Beyond the camera lens
Jo Dallas, Media Officer at Christian Aid Scotland, offers her thoughts on our recent training event 'Ethical and empowering use of imagery' that she attended which gave participants the chance reflect on, discuss and develop responsible strategies for the use of images in our sector.
Recently I was selecting a photo for a national newspaper to reflect our continued emergency response in Lebanon, following additional funding from the Scottish Government’s Humanitarian Fund. Our digital library had been updated with images from one of our partners in Beirut and I was looking for an image that provoked a strong emotional response but that would add to the narrative about the unfolding and urgent situation in the city following the explosion (and how Christian Aid is responding).
It was much harder than I thought to make this selection. At one stage, as my teenage daughter wandered past the kitchen table (my ‘working from home space’) I asked her what the photos on my screen made her feel, which ones stood out and we discussed the images that provoked a strong emotional reaction.
As it turns out the newspaper didn’t use the photo I finally selected. But the point of my story is that it reminded me how challenging it is to select the right image, the responsibility that goes with this decision and how photos are interpreted differently by different people. As the saying goes, a picture tells a thousand stories. But they must be the right stories. And there is a responsibility to the person pictured, even if they live in a city 3200 miles away (in the case of Beirut). Photos capture a moment in time and we must ensure integrity and truth are at the core of every decision made around their future use.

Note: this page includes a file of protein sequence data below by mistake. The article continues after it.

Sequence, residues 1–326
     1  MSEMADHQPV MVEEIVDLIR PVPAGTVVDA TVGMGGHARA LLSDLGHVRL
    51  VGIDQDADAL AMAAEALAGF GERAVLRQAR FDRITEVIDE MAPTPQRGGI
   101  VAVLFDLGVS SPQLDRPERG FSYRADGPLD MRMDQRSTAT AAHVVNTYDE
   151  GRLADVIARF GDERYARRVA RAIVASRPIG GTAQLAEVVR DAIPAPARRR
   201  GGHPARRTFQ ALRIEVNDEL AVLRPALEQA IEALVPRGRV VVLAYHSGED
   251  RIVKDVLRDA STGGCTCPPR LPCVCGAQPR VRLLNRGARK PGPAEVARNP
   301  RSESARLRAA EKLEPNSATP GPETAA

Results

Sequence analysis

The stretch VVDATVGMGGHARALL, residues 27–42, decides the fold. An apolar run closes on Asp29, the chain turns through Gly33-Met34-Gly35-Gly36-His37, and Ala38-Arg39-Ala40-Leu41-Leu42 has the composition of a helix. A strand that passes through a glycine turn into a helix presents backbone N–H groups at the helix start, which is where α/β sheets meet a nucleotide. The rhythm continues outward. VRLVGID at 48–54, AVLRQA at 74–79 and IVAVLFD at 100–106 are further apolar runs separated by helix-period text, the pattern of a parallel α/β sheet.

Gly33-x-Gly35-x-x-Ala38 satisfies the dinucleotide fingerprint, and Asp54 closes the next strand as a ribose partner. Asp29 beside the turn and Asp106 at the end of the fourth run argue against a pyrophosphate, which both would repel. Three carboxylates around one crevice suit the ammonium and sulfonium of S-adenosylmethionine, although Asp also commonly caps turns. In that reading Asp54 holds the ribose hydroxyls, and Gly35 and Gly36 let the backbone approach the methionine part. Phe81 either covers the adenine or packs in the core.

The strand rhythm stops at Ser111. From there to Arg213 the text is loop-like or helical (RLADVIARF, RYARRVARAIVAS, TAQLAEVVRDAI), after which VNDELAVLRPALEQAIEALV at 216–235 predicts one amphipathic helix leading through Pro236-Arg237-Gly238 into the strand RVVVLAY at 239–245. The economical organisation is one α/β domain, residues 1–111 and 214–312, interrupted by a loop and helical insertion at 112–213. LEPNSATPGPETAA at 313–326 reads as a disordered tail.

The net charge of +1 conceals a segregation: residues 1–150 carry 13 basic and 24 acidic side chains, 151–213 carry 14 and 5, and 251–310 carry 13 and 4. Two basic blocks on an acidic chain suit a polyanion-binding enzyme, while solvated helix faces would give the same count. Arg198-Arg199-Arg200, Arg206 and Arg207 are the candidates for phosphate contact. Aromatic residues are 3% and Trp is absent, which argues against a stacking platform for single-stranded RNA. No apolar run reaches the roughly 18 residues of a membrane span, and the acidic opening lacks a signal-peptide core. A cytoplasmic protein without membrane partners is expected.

When I saw that the Alliance was running a workshop in October on ethical photography I didn’t hesitate to sign-up. It was an invaluable and informative session. Catriona Knapman (as facilitator) really challenged our thinking and the break-out discussions (where e.g. we looked at a selection of photos of women to ascertain which images we felt most represented empowerment) made me reflect on the responsibility we have working for an International Development Organisation to carefully consider the images we select, so that above all else they reflect our shared humanity and inter-connectedness. We also looked at the participatory photography model and the thought processes that go alongside this, about power dynamics and informed consent.
I’m using words to tell the story here, not pictures. But if I was to choose 5 pictures what would they be? Of course, there is no ‘right’ answer. But what is fundamental is the process that underpins each selection. In a media role you are often under pressure to make quick decisions, but they should always be true to the core goals of the organisation you work for. At Christian Aid our values are dignity, equality, justice and love. And these values should be reflected in every single photo chosen to represent our work and inspire support.
If you are an alliance member, you can login and re-watch this interactive workshop on Ethical and empowering use of imagery here.